Purchase of medicines constitutes the single largest component of the total ‘Out Of Pocket’ payments by households, which contribute to more than 66.6% of healthcare expenditure. Today, around 40% of Indians live on less than Rs. 72 per day and healthcare is one of the major areas of expense. According to WHO reports, nearly half of the world’s population is deprived of standard health coverage. More than 95 million are poverty-ridden due to their medical bills and almost 800 million use most of their household budget on medicines, including from India.
People often struggle to choose between branded and non-branded products across segments. Simply put, they tend to judge the quality of what is not branded. The concept of generic medicines is well established in the west, 89 percent of all prescriptions dispensed in the U.S. last year filled with a generic drug but it is in an emerging stage in India. That is where the generic medicine industry comes into play with a three-dimensional agenda of offering authenticity, affordability, and accessibility, customers are offered and provided with quality medicines approved by WHO & FDA in striving to ascertain the efficacy of generic drugs at par with branded medicines.
The industry’s exclusive approach in keeping the awareness aspect in mind and educating the general public on the authenticity and benefits of generic medicine is part of a long-term vision. The grey area lies in people’s willingness to believe in the effectiveness of these medicines. However, the fact that they have the same chemical composition as patented medicines essentially needs to be conveyed to compensate for the absence of customer knowledge in this regard. The market availability of top-quality generic medicines calls for spreading this awareness across regions and social strata.
The way in which information is carried across to the public makes a large difference in consumer behavior. Hence, the educative approach has a direct correlation with how customers accept generic medicines. There is a constant effort to educate them to create awareness regarding the advantages of using generic medicines. Now, with the Pradhan Mantri Janaushadhi Kendra, the government’s initiative to promote the use of generic medicines would be a smoother ride in carrying across benefits of the same to the public across different sections of society and save their out-of-pocket expenses on medicines. The objective lies in ensuring proper healthcare among people who often tend to ignore the hazardous implications on their health simply because of high cost of medicines that are branded.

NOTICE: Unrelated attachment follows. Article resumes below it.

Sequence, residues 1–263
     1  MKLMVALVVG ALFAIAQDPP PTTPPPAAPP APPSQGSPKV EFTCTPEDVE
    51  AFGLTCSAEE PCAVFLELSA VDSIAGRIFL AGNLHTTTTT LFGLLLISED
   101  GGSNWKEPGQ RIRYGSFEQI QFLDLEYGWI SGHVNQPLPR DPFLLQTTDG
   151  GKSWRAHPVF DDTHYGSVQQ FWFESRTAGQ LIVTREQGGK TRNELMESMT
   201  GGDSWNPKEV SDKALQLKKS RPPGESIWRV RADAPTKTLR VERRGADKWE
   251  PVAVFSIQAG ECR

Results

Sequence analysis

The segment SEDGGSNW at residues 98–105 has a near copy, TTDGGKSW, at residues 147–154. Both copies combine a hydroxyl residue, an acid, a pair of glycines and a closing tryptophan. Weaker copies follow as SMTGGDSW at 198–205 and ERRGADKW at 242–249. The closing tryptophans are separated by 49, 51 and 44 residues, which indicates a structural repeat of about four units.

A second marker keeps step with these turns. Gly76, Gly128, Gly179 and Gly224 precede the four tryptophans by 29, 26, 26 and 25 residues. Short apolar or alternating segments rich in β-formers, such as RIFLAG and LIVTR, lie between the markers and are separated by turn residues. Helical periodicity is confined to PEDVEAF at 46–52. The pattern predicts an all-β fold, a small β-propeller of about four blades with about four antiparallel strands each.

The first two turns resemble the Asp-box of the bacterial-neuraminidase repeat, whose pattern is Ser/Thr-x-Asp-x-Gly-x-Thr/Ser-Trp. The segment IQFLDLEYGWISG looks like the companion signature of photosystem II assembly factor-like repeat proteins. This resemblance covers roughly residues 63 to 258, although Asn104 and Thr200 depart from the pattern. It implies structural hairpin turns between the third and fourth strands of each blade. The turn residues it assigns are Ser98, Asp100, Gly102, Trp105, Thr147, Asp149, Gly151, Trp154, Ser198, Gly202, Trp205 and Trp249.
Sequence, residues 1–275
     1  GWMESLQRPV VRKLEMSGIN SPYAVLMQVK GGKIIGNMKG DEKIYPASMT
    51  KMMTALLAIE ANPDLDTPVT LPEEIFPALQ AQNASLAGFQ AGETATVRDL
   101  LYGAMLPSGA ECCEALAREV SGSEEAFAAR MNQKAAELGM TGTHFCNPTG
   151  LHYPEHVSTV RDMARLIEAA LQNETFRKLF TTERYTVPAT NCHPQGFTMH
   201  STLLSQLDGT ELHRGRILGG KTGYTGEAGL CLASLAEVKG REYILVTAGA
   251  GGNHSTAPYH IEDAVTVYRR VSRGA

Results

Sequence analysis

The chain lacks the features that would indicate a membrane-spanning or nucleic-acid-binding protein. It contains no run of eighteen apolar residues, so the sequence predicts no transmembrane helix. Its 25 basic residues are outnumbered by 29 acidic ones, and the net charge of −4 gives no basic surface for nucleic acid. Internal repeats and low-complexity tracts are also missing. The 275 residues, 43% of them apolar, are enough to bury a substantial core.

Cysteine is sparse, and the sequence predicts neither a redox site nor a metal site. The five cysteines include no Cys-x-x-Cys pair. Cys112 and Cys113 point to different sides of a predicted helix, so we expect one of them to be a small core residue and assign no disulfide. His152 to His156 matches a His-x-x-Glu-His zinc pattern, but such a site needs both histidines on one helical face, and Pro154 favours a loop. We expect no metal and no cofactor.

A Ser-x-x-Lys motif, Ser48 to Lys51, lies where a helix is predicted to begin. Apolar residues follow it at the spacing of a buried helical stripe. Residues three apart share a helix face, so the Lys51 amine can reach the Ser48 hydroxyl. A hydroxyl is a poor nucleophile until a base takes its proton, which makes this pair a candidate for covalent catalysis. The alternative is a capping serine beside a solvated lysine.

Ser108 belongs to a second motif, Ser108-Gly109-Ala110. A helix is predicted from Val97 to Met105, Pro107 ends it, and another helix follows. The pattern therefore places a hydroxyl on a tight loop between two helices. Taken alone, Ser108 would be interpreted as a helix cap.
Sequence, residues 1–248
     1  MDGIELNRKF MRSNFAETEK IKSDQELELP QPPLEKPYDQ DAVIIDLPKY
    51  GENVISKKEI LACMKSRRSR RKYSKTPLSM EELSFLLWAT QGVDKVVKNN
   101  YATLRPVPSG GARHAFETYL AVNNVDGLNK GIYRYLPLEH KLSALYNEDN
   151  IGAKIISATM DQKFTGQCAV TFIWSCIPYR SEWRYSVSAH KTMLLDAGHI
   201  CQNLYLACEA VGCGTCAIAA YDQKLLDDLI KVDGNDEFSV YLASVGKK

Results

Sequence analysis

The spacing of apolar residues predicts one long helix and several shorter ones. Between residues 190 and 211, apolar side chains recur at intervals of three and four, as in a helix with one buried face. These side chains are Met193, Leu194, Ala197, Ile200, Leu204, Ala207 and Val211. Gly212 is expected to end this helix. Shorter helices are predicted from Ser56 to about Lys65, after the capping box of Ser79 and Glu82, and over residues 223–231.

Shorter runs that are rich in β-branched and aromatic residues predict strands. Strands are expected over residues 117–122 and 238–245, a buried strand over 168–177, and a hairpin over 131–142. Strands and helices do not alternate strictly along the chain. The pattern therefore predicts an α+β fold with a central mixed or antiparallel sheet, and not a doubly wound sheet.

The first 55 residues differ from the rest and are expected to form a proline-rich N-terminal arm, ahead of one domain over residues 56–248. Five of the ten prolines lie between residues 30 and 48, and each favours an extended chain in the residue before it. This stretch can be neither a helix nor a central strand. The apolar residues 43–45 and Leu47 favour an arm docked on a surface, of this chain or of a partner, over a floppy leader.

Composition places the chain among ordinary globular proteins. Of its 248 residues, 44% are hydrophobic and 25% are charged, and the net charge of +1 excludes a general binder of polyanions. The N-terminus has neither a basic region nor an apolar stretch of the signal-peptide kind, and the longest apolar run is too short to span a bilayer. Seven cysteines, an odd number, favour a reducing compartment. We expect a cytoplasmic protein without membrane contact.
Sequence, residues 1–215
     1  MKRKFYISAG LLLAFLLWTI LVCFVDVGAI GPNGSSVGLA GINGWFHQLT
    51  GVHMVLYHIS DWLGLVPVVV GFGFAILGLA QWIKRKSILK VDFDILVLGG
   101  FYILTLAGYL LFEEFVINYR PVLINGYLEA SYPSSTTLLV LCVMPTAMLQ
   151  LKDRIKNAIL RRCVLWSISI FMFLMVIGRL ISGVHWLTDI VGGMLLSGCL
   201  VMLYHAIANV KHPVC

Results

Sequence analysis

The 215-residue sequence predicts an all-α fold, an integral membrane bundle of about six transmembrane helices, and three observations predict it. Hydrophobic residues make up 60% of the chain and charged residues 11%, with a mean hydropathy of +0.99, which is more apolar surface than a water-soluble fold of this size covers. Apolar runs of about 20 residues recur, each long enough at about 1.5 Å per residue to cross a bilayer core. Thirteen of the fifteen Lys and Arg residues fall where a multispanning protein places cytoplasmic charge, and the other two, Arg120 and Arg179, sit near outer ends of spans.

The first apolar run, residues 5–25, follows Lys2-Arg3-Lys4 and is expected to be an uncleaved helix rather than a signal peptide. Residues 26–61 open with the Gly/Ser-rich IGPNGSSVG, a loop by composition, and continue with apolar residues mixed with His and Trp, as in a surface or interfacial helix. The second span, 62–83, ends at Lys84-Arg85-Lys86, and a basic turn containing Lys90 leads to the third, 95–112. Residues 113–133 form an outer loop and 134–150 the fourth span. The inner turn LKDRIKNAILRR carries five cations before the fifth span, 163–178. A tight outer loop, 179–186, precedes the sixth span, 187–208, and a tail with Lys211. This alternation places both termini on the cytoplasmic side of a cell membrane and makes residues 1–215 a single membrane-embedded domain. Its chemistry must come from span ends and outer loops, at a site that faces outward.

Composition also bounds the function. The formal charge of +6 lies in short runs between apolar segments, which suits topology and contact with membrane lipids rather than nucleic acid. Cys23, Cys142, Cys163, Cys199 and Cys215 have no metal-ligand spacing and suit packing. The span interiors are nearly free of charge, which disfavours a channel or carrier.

It is imperative that these drugs are approved by WHO or other registered healthcare authorities. This is vital to establish credibility of generic medicines. Going forward, the idea is to save capital and promote research to find new molecules that would cure a particular disease as suitable substitutes for branded medicines that are highly expensive. Sales volumes might be affected because of greater consumption of generic medicines in comparison with branded varieties, but it is the future owing to discrepancy in income levels triggered by the Covid-19 pandemic. It is a mandatory aspect of diversity and inclusion where people with less purchasing power can afford treatment through generic medicines, therefore being consumer-friendly.
Today, India is at a prominent position with a rapidly growing presence in global pharmaceuticals. It is the largest provider of generic medicines worldwide, occupying a 20% share in global supply by volume, and supplies over 50% of global demand for various vaccines, catering to 40% of generic demand in the US and 25% of all medicine in UK. India is the source of 60,000 generic brands across 60 therapeutic categories and manufactures more than 500 different Active Pharmaceutical Ingredients (APIs). The export of generic drugs is one of India’s core strengths. Extending the landscape of generic medicines as part of sustainable development for the future is therefore crucial.
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